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Mackinac Center for Public Policy
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2011 House Bill 5223: Require drug testing of welfare applicants
  1. Introduced by Rep. Jeff Farrington (R) on December 13, 2011, to require drug testing of applicants for various state welfare benefits, and prohibit benefits if a person tests positive.
    • Referred to the House Families, Children, and Seniors Committee on December 13, 2011.
      • Reported in the House on May 15, 2012, with the recommendation that the substitute (H-1) be adopted and that the bill then pass.
    • Substitute offered in the House on June 7, 2012. The substitute passed by voice vote in the House on June 7, 2012.
    • Amendment offered by Rep. Tom McMillin (R) on June 7, 2012, to tie-bar the bill to House Bill 5527, meaning this bill cannot become law unless that one does also. HB 5527 would require drug testing for business executives whose firms receive subsidies from the state. The amendment failed by voice vote in the House on June 7, 2012.
    • Amendment offered by Rep. Alberta Tinsley Talabi (D) on June 7, 2012, to require additional screening before drug tests could be administered. The amendment failed by voice vote in the House on June 7, 2012.
    • Amendment offered by Rep. Fred Durhal, Jr. (D) on June 7, 2012, to allow a welfare recipient who tests positive for illegal drug use to keep getting benefits if he or she enters a treatment program. The amendment failed by voice vote in the House on June 7, 2012.
    • Amendment offered by Rep. Alberta Tinsley Talabi (D) on June 7, 2012, to allow a welfare recipient who has children and who tests positive for illegal drug use to designate a family member or other approved "protective payee" to keep getting the benefits "on behalf of the child". The amendment failed by voice vote in the House on June 7, 2012.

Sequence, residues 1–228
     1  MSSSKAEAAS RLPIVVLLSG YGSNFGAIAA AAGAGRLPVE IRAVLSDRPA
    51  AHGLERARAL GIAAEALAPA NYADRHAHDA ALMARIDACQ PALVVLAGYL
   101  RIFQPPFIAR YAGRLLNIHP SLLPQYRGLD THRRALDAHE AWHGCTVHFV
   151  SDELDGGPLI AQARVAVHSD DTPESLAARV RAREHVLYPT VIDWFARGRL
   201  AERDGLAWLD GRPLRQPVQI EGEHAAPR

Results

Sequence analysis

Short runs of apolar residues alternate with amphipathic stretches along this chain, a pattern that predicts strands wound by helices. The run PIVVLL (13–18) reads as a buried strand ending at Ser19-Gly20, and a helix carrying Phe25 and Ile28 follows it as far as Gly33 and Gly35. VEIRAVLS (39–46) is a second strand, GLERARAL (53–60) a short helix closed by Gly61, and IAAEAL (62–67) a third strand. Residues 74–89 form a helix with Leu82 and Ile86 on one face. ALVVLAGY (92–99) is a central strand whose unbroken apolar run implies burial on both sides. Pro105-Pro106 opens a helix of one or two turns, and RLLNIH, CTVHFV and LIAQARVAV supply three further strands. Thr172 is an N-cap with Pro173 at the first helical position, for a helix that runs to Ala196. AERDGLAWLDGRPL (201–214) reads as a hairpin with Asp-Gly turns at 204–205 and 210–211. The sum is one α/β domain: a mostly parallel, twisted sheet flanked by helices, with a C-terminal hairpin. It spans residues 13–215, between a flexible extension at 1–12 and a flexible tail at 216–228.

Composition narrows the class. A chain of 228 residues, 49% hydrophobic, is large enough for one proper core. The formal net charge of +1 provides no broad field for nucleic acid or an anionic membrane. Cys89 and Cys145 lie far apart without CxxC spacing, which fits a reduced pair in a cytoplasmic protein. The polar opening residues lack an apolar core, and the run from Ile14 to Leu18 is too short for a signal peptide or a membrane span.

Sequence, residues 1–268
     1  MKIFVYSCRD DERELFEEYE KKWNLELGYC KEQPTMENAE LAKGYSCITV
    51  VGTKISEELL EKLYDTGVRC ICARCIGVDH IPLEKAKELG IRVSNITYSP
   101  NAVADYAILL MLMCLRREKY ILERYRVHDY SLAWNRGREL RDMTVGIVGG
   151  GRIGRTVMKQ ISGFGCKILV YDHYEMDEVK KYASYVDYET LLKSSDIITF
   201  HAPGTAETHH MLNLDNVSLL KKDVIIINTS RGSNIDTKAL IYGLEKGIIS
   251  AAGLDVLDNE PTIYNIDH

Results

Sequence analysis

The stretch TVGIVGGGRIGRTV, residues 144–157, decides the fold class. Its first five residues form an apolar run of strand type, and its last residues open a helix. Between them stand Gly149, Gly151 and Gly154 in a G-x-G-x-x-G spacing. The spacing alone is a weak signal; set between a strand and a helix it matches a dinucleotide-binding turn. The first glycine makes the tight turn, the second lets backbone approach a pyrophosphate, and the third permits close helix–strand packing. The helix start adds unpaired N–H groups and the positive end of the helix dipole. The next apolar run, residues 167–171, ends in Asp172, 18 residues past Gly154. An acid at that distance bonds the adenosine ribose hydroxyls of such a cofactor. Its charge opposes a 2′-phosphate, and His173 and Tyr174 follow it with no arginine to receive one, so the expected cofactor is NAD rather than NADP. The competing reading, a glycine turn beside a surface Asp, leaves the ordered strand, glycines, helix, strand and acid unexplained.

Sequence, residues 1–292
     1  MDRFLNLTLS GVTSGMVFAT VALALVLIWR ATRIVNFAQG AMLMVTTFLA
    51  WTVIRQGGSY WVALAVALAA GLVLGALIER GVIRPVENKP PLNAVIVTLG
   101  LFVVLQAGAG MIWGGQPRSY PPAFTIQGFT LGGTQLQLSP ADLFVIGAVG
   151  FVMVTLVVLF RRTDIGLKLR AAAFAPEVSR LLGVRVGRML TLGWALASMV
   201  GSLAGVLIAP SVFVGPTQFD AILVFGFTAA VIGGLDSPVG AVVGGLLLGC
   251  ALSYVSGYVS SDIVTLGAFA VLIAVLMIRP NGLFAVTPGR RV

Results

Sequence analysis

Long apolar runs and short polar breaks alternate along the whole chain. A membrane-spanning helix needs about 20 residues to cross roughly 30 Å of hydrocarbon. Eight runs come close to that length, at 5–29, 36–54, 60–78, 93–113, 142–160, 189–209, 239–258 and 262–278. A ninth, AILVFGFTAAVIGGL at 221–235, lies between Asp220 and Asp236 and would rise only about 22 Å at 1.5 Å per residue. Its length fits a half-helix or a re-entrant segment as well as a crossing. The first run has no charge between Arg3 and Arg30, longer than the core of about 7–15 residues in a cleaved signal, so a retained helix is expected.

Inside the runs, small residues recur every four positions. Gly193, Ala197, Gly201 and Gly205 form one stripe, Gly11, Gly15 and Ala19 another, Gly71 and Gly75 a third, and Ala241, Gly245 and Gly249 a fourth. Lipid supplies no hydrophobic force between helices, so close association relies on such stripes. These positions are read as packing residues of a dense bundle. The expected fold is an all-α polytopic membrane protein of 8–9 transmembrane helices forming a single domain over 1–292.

• Amendment offered by Rep. Maureen Stapleton (D) on June 7, 2012, to require the state to pay for the drug tests. The amendment failed by voice vote in the House on June 7, 2012.
    • Amendment offered by Rep. Maureen Stapleton (D) on June 7, 2012, to require drug tests for state legislators under similar rules as those proposed by the bill. The amendment failed by voice vote in the House on June 7, 2012.
    • Amendment offered by Rep. Rashida Tlaib (D) on June 7, 2012, to require drug tests for state legislators. The amendment failed by voice vote in the House on June 7, 2012.
    • Amendment offered by Rep. Dian Slavens (D) on June 7, 2012, to keep the drug test results confidential, and also the information collected under the proposed screening process. The amendment failed by voice vote in the House on June 7, 2012.
    • Amendment offered by Rep. Dian Slavens (D) on June 7, 2012, to discontinue welfare drug tests if less than 10 percent of those tested test positive. The amendment failed by voice vote in the House on June 7, 2012.
    • Amendment offered by Rep. Dian Slavens (D) on June 7, 2012, to require the welfare department to file detailed reports on the proposed drug testing program. The amendment failed by voice vote in the House on June 7, 2012.
    • Amendment offered by Rep. Maureen Stapleton (D) on June 7, 2012, to not apply the proposed sanctions if a person tests positive for a drug that has been prescribed or taken on under an order of medical practitioner. Presumably this includes medical marijuana. The amendment failed by voice vote in the House on June 7, 2012.
    • Amendment offered by Rep. Dian Slavens (D) on June 7, 2012, to delay the proposed drug test program for two years. The amendment failed by voice vote in the House on June 7, 2012.
    • Amendment offered by Rep. Maureen Stapleton (D) on June 7, 2012, to specify procedures for selecting the counties in a proposed pilot program for the drug testing. The amendment failed by voice vote in the House on June 7, 2012.
    • Amendment offered by Rep. Maureen Stapleton (D) on June 7, 2012, to require the drug testing program to have an appeal process. The amendment failed by voice vote in the House on June 7, 2012.